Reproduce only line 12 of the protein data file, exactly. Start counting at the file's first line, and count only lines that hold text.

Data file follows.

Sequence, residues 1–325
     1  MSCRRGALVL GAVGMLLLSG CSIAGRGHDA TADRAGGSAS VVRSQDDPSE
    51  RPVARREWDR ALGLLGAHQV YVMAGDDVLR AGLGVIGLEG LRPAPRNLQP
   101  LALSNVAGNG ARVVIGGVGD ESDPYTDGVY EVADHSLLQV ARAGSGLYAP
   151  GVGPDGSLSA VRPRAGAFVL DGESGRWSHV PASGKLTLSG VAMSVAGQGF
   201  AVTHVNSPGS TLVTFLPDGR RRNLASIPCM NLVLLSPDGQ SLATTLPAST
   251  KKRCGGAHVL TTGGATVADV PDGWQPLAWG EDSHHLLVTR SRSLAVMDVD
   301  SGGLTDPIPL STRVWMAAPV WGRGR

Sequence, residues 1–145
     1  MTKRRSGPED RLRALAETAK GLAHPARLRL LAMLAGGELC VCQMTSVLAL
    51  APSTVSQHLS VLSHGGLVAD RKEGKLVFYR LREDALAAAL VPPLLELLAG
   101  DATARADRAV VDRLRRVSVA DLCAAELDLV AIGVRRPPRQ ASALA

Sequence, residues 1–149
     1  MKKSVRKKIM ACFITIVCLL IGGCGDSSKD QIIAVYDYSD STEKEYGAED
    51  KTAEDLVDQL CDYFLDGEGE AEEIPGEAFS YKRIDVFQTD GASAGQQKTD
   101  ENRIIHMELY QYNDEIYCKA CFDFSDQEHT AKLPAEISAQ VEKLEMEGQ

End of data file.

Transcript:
   101  DATARADRAV VDRLRRVSVA DLCAAELDLV AIGVRRPPRQ ASALA